Clock time is marked at the beginning of each stanza, and relates to the unnatural urban light of the street lamps. At the same time, there is a competing eternal time realm represented by beginning the poem at midnight, the witching hour. This invokes a contrasting motif of natural time and light, which is made explicit later in the image of the moon—a source of light that is natural, and yet opposed to true light of day.
The street (motif)
The street represents the world of the city: the built environment, a place where people are always rushing to get somewhere else. This is a common motif in Eliot’s poetry. See the poem "Preludes," for example.
The Moon (Allegory)
At the beginning of the poem, the moon is described in such a way that it seems to holds together the world, performing a "lunar synthesis" that transforms the speaker’s perceptions and memory into an imprecise, undivided, irrational whole. In a quotation from French, we learn that “The moon bears no grudge.” The moon is personified as an old, weak, sick woman who has “lost her memory.” In losing her memory, she has lost her history, meaning, and identity too, as the romantic symbol of innocence and love. She is kindly, but lost. The craters of the moon are figured as pox marks. The moon here represents the connection between human culture and the natural world, which has decayed. The speaker’s nocturnal encounters have revealed that as the moon has lost her memory: there is no connection to the transcendent to be found anymore, and the city at night is filled with mere vice.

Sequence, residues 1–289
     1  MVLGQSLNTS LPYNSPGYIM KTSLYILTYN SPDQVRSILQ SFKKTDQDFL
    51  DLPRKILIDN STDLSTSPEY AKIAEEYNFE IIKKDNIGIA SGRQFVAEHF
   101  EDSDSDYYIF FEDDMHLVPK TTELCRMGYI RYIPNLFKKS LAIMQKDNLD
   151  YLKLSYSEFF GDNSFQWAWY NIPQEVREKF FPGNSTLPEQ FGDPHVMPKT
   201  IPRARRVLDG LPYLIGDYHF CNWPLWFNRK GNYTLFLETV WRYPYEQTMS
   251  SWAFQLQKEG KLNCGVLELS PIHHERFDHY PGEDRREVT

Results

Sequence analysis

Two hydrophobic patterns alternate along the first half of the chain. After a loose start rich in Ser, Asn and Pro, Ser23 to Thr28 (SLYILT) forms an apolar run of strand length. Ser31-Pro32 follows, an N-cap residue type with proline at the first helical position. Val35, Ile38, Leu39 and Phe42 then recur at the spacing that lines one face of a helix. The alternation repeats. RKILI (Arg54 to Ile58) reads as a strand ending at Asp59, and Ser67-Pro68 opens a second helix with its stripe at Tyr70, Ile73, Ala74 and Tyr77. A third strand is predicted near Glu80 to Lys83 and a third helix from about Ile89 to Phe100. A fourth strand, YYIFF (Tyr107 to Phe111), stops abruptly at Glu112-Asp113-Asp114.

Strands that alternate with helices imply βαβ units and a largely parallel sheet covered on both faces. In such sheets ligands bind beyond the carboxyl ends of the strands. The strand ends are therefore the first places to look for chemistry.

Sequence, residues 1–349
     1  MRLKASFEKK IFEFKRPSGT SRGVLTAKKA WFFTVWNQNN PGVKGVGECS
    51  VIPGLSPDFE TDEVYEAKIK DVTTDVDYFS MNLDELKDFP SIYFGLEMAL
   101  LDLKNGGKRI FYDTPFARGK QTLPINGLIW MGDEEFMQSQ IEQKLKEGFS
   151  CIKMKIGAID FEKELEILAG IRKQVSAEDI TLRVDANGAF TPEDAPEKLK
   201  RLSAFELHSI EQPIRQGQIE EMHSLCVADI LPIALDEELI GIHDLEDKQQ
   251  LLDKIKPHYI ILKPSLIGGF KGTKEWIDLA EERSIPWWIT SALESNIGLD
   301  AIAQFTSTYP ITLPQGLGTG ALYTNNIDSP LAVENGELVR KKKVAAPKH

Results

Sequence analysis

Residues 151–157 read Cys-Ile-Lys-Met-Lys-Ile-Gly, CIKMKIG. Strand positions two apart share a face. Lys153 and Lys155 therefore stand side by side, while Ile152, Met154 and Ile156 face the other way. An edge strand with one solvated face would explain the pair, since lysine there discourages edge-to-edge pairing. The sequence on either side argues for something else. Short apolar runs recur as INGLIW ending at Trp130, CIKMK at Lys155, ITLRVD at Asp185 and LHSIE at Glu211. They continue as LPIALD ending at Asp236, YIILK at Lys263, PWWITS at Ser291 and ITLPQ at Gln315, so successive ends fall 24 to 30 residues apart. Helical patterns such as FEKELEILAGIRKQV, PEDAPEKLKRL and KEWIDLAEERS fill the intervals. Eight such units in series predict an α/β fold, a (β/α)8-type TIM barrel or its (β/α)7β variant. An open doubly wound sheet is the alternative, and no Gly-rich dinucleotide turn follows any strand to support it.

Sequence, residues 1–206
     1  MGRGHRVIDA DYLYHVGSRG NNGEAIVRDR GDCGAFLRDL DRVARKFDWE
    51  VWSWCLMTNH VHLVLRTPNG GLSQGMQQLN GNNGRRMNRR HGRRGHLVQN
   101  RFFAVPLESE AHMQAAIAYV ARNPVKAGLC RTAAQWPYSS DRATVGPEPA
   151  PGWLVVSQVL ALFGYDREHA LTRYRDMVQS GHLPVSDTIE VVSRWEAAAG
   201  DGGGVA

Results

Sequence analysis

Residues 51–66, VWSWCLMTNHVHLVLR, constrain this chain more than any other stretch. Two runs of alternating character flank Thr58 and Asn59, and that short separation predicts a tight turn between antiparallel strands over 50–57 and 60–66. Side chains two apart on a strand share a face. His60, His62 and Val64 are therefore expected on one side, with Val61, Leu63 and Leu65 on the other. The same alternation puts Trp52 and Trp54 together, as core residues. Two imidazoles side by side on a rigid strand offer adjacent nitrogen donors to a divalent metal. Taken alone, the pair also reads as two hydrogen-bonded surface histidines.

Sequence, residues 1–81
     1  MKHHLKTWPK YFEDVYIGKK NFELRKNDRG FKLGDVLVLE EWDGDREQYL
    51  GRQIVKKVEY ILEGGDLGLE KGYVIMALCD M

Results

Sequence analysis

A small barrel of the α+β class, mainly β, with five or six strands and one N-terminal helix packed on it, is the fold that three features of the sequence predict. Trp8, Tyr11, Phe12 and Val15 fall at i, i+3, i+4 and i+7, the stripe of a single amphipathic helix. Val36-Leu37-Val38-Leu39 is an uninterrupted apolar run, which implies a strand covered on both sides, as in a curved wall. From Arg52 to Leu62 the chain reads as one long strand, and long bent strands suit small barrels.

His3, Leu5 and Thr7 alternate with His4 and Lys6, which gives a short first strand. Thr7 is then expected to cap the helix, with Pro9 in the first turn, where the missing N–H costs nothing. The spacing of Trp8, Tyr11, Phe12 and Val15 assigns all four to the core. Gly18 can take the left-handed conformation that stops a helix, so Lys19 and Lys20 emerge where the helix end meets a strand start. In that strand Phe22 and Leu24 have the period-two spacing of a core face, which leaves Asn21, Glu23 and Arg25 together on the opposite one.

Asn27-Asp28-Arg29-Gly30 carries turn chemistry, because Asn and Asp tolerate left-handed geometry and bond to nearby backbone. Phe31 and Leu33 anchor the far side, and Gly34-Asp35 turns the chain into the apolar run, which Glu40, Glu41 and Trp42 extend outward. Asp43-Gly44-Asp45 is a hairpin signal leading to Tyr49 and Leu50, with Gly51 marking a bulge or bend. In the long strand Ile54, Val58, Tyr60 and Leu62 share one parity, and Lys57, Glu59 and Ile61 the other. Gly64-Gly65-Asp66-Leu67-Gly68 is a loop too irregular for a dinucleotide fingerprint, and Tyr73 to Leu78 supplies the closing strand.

Thresholds—including doors, shutters, facades—represent the frustrated desire for human connection. In the stanza where the speaker encounters the woman, the simile comparing the door opening to a “grin” is grotesque and sexual, suggesting an inappropriately garish open mouth. When he encounters the child, the speaker associates the “nothing behind that child’s eye” with “eyes in the street/Trying to peer through lighted shutters.” In the end, the speaker reaches his own front door—the last step in a monotonous lonely routine.
dead geranium (symbol)
The dead geranium symbolizes memory, which has already died, but is shaken in an absurd, futile gesture by a madman—an attempt to bring it back to life, perhaps. The speaker's memory is thus trying to revive a sense of wholeness or connection through his memories, but realizes that this effort is absurd.
paper rose (symbol)
The paper rose is a flimsy stand-in for a romantic symbol of love, "twisted" as the poem twists old tropes.
The gutter (symbol)
The gutter represents the degradation of modern city life. The gutter is also referenced in Eliot’s poem "Preludes," where instead of a cat, there are sparrows in the gutter.
Usually, a branch is a symbol of life. But this branch, which was once living, is now dead, “stiff and white”: consumed and collected by memory.
A symbol of something which was once useful. Memory has taken something that worked, broken it, and made it useless and old, covered in rust. The brittleness of the spring “ready to snap” adds a tension to the poem, suggesting that the mental state of the speaker has destabilized.
Rhapsody on a Windy Night Questions and Answers
The Question and Answer section for Rhapsody on a Windy Night is a great
resource to ask questions, find answers, and discuss the novel.